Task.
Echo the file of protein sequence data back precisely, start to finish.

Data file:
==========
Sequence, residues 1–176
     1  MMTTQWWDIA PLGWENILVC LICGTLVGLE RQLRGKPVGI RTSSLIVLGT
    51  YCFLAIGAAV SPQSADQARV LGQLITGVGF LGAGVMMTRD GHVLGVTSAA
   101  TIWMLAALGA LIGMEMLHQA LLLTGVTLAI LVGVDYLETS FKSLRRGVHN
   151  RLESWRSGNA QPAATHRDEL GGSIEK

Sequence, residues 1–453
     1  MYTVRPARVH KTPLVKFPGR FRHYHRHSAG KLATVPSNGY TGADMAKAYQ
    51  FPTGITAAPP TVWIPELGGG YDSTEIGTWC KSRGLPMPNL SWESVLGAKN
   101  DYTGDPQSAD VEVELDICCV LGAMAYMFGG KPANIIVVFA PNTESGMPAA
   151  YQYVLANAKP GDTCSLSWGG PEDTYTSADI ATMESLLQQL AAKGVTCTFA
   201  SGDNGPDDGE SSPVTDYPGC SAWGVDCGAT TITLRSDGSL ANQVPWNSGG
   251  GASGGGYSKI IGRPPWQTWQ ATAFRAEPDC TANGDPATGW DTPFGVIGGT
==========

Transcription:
Sequence, residues 1–176
     1  MMTTQWWDIA PLGWENILVC LICGTLVGLE RQLRGKPVGI RTSSLIVLGT
    51  YCFLAIGAAV SPQSADQARV LGQLITGVGF LGAGVMMTRD GHVLGVTSAA
   101  TIWMLAALGA LIGMEMLHQA LLLTGVTLAI LVGVDYLETS FKSLRRGVHN
   151  RLESWRSGNA QPAATHRDEL GGSIEK

Sequence, residues 1–453
     1  MYTVRPARVH KTPLVKFPGR FRHYHRHSAG KLATVPSNGY TGADMAKAYQ
    51  FPTGITAAPP TVWIPELGGG YDSTEIGTWC KSRGLPMPNL SWESVLGAKN
   101  DYTGDPQSAD VEVELDICCV LGAMAYMFGG KPANIIVVFA PNTESGMPAA
   151  YQYVLANAKP GDTCSLSWGG PEDTYTSADI ATMESLLQQL AAKGVTCTFA
   201  SGDNGPDDGE SSPVTDYPGC SAWGVDCGAT TITLRSDGSL ANQVPWNSGG
   251  GASGGGYSKI IGRPPWQTWQ ATAFRAEPDC TANGDPATGW DTPFGVIGGT